- 32% → lack of transparency and trust
- 24% → Work councils and labour unions
- 22% → Regulatory hurdles in home & important markets
One element highlighted here, particularly around lack of trust, and labour unions, is that AI is typically misrepresented in the media as “replacing” workers, and taking jobs. Yes, there are efficiency gains to be made from automation, as there have been since the first industrial revolution. But we believe that Data and AI are at their most valuable when they are used to augment workers, enhancing their abilities and the products being manufactured.
Another challenge we’re starting to see emerge is cyberattacks increasingly targeting interconnected equipment and machinery in smart factories. PwC recently hosted a webcast, in cooperation with the National Association of Manufacturers in the US and Microsoft to discuss this.
What are the current trends in AI and Big Data in manufacturing?
- We see companies putting slightly more focus on adding AI solutions to core production processes such as the engineering, and assembly and quality testing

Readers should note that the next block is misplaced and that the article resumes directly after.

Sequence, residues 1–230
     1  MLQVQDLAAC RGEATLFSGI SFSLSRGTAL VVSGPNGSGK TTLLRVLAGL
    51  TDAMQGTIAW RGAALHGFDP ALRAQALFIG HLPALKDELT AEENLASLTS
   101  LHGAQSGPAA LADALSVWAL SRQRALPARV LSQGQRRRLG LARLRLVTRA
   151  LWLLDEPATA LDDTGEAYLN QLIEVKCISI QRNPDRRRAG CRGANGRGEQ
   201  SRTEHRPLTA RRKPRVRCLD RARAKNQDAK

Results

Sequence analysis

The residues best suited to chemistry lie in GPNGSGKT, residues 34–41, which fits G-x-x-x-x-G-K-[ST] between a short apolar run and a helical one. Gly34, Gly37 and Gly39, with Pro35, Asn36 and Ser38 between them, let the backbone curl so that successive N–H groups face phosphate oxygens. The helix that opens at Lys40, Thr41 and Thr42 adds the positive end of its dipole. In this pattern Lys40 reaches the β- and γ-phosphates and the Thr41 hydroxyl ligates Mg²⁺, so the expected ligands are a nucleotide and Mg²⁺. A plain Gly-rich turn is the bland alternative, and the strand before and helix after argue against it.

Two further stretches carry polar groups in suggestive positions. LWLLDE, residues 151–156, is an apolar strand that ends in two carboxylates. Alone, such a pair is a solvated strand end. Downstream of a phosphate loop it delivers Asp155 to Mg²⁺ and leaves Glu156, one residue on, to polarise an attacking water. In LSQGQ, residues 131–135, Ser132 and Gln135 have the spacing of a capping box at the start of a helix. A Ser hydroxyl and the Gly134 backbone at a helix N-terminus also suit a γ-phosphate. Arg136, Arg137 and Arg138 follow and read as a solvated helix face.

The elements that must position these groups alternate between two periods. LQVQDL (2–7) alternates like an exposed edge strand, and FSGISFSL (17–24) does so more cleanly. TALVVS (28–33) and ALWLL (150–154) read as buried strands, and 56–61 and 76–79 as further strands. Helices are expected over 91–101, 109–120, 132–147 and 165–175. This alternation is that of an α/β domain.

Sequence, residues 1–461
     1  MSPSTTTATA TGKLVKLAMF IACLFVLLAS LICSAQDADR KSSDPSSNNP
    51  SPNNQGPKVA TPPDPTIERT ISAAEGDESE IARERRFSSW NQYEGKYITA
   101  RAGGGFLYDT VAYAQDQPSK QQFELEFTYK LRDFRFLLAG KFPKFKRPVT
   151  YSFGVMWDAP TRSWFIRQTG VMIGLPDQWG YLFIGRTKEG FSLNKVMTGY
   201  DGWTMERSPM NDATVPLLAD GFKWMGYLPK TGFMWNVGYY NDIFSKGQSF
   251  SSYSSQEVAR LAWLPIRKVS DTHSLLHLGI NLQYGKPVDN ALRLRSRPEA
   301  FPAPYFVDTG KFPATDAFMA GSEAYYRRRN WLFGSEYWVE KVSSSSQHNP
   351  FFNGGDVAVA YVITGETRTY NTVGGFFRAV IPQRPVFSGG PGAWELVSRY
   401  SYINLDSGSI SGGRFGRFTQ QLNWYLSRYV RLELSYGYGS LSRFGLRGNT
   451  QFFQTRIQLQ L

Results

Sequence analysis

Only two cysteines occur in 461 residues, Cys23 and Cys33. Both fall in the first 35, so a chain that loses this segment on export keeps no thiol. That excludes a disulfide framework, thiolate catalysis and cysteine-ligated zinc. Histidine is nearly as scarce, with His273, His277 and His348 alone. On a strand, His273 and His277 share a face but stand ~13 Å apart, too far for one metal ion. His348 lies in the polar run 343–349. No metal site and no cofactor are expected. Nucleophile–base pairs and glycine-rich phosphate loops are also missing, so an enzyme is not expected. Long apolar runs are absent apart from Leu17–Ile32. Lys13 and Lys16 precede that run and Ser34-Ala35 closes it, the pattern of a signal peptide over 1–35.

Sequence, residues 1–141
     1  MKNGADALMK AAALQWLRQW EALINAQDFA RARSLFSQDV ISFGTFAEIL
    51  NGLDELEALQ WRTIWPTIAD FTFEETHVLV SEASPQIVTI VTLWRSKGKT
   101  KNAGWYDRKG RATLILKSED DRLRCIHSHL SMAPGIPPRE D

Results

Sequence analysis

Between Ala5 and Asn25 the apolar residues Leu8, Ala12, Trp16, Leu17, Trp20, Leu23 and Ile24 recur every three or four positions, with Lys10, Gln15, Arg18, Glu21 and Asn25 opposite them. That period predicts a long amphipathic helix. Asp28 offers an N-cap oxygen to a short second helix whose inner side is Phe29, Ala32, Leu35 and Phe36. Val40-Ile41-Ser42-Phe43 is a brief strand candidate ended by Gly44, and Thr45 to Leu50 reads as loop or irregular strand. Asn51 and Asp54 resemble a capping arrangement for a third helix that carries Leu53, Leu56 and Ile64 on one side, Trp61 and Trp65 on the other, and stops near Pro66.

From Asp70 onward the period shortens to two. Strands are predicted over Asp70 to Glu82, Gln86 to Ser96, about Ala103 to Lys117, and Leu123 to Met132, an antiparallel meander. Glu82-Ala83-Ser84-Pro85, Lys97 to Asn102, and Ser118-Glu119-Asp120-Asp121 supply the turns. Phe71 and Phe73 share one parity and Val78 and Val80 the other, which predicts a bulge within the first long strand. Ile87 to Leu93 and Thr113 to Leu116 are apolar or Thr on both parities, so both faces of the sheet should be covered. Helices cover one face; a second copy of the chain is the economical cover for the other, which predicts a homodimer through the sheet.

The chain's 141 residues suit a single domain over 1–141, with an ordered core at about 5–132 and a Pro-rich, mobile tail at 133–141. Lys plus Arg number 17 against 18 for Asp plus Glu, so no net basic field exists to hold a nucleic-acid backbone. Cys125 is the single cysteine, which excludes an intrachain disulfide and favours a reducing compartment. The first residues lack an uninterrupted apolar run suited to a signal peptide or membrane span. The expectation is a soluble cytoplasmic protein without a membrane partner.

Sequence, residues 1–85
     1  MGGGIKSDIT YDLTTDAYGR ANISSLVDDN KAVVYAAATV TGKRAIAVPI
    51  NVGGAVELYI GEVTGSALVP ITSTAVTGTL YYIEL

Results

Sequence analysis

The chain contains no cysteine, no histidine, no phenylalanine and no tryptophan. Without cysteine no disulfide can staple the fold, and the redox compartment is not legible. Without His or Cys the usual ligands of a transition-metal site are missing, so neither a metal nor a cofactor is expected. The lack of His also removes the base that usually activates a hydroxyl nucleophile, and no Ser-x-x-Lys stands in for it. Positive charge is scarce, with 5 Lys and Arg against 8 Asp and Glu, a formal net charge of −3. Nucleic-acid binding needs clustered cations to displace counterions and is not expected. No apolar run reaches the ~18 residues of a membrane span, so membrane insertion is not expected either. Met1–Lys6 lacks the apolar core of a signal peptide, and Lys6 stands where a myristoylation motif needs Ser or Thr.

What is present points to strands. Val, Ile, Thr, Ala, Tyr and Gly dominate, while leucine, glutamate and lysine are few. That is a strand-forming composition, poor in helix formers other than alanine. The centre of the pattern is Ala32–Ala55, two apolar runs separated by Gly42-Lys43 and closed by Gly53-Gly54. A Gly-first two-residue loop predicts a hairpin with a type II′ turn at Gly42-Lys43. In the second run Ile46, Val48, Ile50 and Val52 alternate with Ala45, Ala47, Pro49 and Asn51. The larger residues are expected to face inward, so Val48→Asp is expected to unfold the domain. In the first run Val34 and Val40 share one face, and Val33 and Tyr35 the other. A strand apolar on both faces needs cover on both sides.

- Safety is of significant importance, with techniques adopted in protocol adherence capabilities (for example maintaining safe distance from specific machinery) being adopted in more every day scenarios for COVID-19 protocol adherence
- There is considerable interest in predictive maintenance for large machinery involved in manufacturing processes, and also supply-chain optimisation
What do you see happening in the AI and Big Data industry in manufacturing in the next 12-18 months?
Honestly, I think we’ll see a continuance of where we’ve already been going for the last 12- 18 months. AI and data are already being used in manufacturing but this use doesn’t get as much attention in the media as, say, healthcare, but the success stories are there, and they will continue as operations continue their digital journeys.